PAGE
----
Confessions of a Sandburg and Ebay Junkie

by Terry Hogan

Great moments in history are caused by the confluence of two or more forces that react to one another in an unanticipated manner. Apparently minor moments can be caused the same way.

Over the years of researching ancestors, mostly from the Galesburg area at one time or another, I became more and more wrapped up in the history occurring at the time of my ancestors’ lives. I was interested more in the "bug dust" than the great moments. I wasn’t interested in the causes of the Great Depression as much as I was interested in the effects of the Great Depression on the folks of small Midwestern towns.

Galesburg is fortunate that it has a couple of local historians that recorded life in Galesburg, not in the great sweep of things, but in the daily lives of its inhabitants. Ernest Elmo Calkins ("They Broke the Prairie") and Carl Sandburg ("Always the Young Strangers") should be required reading for genealogists doing work in or near Knox County. You really can’t understand Galesburg, or what it is today, without understanding its roots — sometimes its manic-depressive roots. Galesburg, a hundred years ago, can be seen not from the "movers and shakers" perspective, but from the "moved and shaken" (and sometimes "stirred") perspective of a young Swede, working odd jobs in Galesburg. Sandburg gives a unique insight of Galesburg, somewhat tinted by Swedish glasses, but what better bias in Galesburg.

You should be able to tell by these statements, that I’m in trouble. I’ve traveled from a high school student who thought that Sandburg could take his little "cat’s feet" and fog and stuff them "you know where", to a Carl Sandburg groupie. I must confess (its good for the soul, I’m told), that I now own several Sandburg books. Worse than that, I now own several autographed books by Sandburg. Worse than that, I now own an original, signed letter from Sandburg, complete with his letterhead, and the original envelope. Did I mention owning a copy of the 1938 "Life Magazine" cover featuring Sandburg?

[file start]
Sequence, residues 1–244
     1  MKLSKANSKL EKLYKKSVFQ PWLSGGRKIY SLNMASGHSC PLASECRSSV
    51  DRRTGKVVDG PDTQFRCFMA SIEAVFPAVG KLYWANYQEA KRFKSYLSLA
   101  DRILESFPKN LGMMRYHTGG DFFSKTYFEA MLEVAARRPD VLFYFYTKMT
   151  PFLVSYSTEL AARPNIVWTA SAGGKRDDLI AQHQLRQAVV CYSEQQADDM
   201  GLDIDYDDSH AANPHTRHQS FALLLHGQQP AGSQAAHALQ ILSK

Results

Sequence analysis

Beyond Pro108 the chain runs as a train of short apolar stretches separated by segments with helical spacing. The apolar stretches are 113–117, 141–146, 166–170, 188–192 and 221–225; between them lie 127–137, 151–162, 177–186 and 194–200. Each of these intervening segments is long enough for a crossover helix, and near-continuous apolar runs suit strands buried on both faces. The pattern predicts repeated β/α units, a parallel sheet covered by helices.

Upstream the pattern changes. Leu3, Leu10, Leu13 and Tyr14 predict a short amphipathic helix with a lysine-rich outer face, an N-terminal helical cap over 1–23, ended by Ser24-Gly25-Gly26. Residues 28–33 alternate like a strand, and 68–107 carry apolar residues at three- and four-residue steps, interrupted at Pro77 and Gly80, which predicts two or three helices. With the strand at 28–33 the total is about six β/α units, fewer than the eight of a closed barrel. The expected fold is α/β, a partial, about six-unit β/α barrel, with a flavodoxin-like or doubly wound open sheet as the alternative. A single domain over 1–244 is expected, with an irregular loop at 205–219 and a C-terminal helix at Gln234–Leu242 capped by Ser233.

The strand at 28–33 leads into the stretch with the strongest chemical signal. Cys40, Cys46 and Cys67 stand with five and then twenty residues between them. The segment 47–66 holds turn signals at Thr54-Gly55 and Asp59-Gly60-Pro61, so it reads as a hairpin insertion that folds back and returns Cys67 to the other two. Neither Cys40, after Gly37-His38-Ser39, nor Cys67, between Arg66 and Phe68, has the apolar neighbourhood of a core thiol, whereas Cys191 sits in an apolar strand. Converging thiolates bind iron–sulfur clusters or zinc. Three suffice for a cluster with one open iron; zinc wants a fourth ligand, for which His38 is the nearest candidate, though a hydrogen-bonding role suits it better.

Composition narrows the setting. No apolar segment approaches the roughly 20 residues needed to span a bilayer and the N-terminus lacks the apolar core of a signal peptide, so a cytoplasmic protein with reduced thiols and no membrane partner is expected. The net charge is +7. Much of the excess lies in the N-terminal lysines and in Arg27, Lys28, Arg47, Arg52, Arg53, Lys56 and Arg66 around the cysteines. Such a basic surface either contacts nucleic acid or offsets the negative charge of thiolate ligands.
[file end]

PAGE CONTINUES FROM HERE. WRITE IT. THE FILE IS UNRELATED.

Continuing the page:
But this did not happen alone. As I said, even minor moments in history can be caused by the intersection of two independent events. For me, it was the growing interest in all things Sandburg, and the discovery of Ebay. Contrary to all good sense, it appears that not every one admires the work of the Pulitzer-Prize-winning author as much as me. Go figure. As a result, new Carl Sandburg items become available on Ebay nearly daily. They beckon for me to place a bid. The beckon me to place a bid, not just any bid, but a bid higher than anyone else. They beckon me to claim another Sandburg item for my own.

I need help. "Hello, my name is Terry Hogan and it has been four days since I have placed a bid on Ebay." In fact, my Sandburg letter has a tie with Alcoholics Anonymous. The letter from Sandburg is written to Elizabeth (Betty) Love the one-time secretary to the founder of Alcoholics Anonymous, Bill Wilson. Now isn’t that ironic?

Perhaps one of the items that I enjoy most from my Ebay Sandburg collection is a recording of Sandburg reading from his autobiography of growing up in Galesburg — "Always the Young Strangers" (1953). Until I saw the record for sell on Ebay, I didn’t know that this particular record existed. I have seen records by Sandburg reading his poems, singing, and reading excerpts about Lincoln. But I had never seen nor heard about him recording selections about growing up in Galesburg. Ebay will expose you to things that you just have to have, but you didn’t know you wanted until you saw it.

On the last selection, on the second side of the record, Sandburg, who has a beautiful voice and oratory style, is reading about the death of his mother. About in the middle of the selection, there is a pause, a soft chuckle, and Sandburg’s wavering voice saying that he can’t go on. He says, that he needs a cup of coffee, and perhaps some Jack Daniels. The album ends at that point. I believe the record was made in the mid-1960s, perhaps 1966, but it doesn’t say. In any event, it is an elderly Sandburg that is recorded. It is a Sandburg who is facing his own end soon. It is a treasured moment, and my hat goes off to all who made the decision to make this the final selection of the record.

But this compulsive buying of Carl Sandburg stuff isn’t my fault. "Its not my fault" — the cry of our decade. I don’t blame myself (of course). I blame Ebay. I blame my ancestors. Hundreds of generations ago, Man was a "hunter and gatherer", before farming was invented. The best hunters and gatherers survived. The worse did not. Natural selection did its thing, selecting those who hunted and gathered the best to survive and continue the species, passing on the successful traits. "Its not my fault." I’m merely a victim of my genes, selected and refined for this moment of hunting and gathering. Ebay saw me coming.

So, now you have it. I’m probably one of the few folks born and raised in Galesburg who has become a big fan of Carl Sandburg. Humor me. Read his autobiography. * You may see a little of Galesburg you recognize, or you may remember a story from a parent or a grandparent about earlier days in Galesburg. "What’s it gonna cost ya?" So you’ll miss a few hours of journalists interviewing journalists about the Iraq war, and what will follow. That alone, should be enough to drive you to reading it. Like all good junkies, I’m also a pusher. I want you to become hooked on Sandburg too. I need someone to share my guilt.

I gotta go. I need to check Ebay.


*Sandburg’s autobiography of growing up in Galesburg (Always the Young Strangers) can be purchased in Galesburg at his birthplace. Audiotapes of Sandburg readings are also available.